3-14 Taxation

Income tax on the profit or loss for the year comprises

current and deferred tax. Income tax is recognized

in the income statement except to the extent

that it relates to items recognized directly in equity, in

which case it is recognized in equity.

Current tax is the expected tax payable on the taxable

income for the year, using tax rates enacted or

substantially enacted at the balance sheet date, and

any adjustment to tax payable in respect of previous

years.

Deferred tax is provided using the balance sheet

liability method, providing for temporary differences

between the carrying amounts of assets and liabilities

for financial reporting purposes and the amounts

used for taxation purposes. The amount of deferred

tax provided is based on the expected manner of

realization or settlement of the carrying amount of

assets and liabilities, using tax rates enacted or substantively

enacted at the balance sheet date.

A deferred tax asset is recognized only to the extent

that it is probable that future taxable profits will be

available against which the asset can be utilized.

Deferred tax assets are reduced to the extent that it

is no longer probable that the related tax benefit will

be realized.

3-15 Provisions

Provisions are recognized when the Company has

a legal or constructive obligation as a result of a

past event and it’s probable that a flow of economic

benefits will be required to settle the obligation. If

the effect is material, provisions are determined by

discounting the expected future cash flows at a pretax

rate that reflects current market assessment of

the time value of money and, where appropriate, the

risks specific to the liability. Provisions are reviewed

at the balance sheet date and amended (when necessary)

to represent the best current estimate.

3-16 Earning per share

The Company presents basic earnings per share

(EPS) data for its ordinary shares. Basic EPS is

calculated by dividing the profit or loss attributable to

ordinary shareholders of the Company by the weighted

average number of ordinary shares outstanding

during the period.

3-17 Interest-bearing borrowings

Interest-bearing borrowings are recognized initially at

fair value less attributable transaction costs. Subsequent

to initial recognition, Interest-bearing borrowings

are stated at amortized cost with any difference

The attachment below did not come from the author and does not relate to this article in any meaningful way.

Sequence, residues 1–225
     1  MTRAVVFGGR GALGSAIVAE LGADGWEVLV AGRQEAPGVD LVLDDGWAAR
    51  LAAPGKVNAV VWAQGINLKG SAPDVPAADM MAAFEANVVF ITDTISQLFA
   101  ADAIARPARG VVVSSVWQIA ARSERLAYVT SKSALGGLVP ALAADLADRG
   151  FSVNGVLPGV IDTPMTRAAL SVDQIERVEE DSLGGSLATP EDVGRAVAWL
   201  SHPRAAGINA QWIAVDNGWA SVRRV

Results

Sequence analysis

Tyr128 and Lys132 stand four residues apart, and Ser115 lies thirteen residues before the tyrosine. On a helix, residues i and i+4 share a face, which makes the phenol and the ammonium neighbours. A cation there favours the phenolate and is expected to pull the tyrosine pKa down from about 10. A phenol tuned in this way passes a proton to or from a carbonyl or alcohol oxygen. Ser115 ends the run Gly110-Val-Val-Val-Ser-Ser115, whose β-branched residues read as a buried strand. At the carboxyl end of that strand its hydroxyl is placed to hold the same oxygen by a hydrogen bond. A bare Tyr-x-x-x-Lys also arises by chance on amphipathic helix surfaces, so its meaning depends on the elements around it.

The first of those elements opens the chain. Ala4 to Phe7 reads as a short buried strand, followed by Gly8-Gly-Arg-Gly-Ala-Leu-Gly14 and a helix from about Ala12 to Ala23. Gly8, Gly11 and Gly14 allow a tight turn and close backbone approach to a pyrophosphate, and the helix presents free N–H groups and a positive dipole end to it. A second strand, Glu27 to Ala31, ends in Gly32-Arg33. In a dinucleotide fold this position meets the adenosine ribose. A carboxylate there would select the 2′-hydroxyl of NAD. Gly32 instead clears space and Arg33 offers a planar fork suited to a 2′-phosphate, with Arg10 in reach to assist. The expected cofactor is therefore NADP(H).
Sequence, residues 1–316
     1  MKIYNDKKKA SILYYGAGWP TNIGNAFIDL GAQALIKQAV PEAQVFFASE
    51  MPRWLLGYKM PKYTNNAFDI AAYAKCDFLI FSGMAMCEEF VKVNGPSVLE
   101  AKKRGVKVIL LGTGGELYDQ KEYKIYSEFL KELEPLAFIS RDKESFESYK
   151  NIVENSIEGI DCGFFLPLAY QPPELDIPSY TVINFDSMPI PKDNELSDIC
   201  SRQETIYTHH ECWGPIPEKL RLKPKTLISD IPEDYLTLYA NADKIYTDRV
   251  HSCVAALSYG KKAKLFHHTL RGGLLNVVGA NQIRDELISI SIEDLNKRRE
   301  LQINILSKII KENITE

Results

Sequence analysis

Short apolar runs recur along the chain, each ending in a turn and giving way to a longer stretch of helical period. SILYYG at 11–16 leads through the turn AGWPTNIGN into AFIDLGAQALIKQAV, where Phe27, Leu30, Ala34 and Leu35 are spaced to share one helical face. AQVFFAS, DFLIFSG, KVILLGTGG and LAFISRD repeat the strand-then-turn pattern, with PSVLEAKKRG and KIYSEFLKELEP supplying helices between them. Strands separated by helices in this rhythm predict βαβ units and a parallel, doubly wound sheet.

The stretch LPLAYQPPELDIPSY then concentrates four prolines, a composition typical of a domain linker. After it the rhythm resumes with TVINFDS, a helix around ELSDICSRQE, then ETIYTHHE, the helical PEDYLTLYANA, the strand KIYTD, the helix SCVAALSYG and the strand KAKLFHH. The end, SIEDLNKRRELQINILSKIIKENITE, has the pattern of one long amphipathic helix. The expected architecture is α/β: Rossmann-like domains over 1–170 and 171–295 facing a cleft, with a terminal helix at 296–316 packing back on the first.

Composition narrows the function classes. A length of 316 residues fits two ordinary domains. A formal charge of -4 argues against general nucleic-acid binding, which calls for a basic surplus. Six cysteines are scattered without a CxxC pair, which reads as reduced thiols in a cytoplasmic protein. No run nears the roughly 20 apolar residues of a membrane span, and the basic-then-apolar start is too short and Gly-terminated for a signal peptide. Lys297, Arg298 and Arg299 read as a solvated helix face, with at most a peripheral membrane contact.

between cost and redemption value being recog-


66 67

Notes to the Consolidated Financial Statements

As of and for the year ended December 31, 2008

Notes to the Consolidated Financial Statements

As of and for the year ended December 31, 2008

nized in the income statement over the period of the

borrowings on an effective interest basis.

3-18 Issued capital

a- Repurchase of share capital

When share capital recognized as equity is repurchased,

the amount of the consideration paid,

including directly attributable costs, is recognized

as a change in equity.

Repurchased shares are classified as treasury

stock and presented as a deduction from total

equity.

b- Dividends

Dividends are recognized as a liability in the year in

which they are declared.

3-19 Legal reserve

As per the Company’s statutes 5% of net profit for

the year is set aside to form a legal reserve, the

transfer to such reserve ceases once it reaches 50%

of the Company’s paid in share capital. The reserve

can be utilized in covering losses or increasing the

Company’s share capital.

3-20 Revenue recognition

(i) Cellular operations revenue

GSM revenue is recognized when services rendered

to the customers based on the actual usage airtime

from the following activities:

- Prepaid cards is recognized based on the actual

used calls minutes while the unused call minutes at

the end of the period are deferred.

- Monthly and connection fees are recognized in the

income statement on a straight-line basis over the

period or the terms of the contract.

- Other GSM telecommunications services and facilities

when provided.

(ii) Telecommunications services revenue

Revenue from the provision of telecommunications

services includes the following:

- Goods sold

Revenue is recognized when the significant risks

and rewards of ownership have been transferred to

the buyer.

- Construction contracts

Revenue is recognized in proportion to the stage of

completion of the contract.

- Satellite services

Revenue is recognized once the services delivered

to the client.

- VAS revenue

Value added services (VAS) revenue is recognized

once the services are delivered, or used by the

customers.

- Space segment revenue

Space segment rental fees are recognized in the

income statement on a straight-line basis over the